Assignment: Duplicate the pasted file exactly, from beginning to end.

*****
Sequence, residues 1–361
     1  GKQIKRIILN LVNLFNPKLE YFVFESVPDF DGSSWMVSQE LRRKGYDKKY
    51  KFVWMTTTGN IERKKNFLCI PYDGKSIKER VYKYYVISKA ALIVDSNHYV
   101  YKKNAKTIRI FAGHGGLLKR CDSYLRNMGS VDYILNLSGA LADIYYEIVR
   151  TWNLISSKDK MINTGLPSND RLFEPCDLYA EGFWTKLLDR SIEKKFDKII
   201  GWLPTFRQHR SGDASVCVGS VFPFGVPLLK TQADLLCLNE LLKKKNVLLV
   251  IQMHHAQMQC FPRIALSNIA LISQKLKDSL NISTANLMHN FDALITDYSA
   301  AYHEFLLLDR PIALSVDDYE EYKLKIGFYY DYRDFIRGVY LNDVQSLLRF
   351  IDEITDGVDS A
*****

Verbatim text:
Sequence, residues 1–361
     1  GKQIKRIILN LVNLFNPKLE YFVFESVPDF DGSSWMVSQE LRRKGYDKKY
    51  KFVWMTTTGN IERKKNFLCI PYDGKSIKER VYKYYVISKA ALIVDSNHYV
   101  YKKNAKTIRI FAGHGGLLKR CDSYLRNMGS VDYILNLSGA LADIYYEIVR
   151  TWNLISSKDK MINTGLPSND RLFEPCDLYA EGFWTKLLDR SIEKKFDKII
   201  GWLPTFRQHR SGDASVCVGS VFPFGVPLLK TQADLLCLNE LLKKKNVLLV
   251  IQMHHAQMQC FPRIALSNIA LISQKLKDSL NISTANLMHN FDALITDYSA
   301  AYHEFLLLDR PIALSVDDYE EYKLKIGFYY DYRDFIRGVY LNDVQSLLRF
   351  IDEITDGVDS A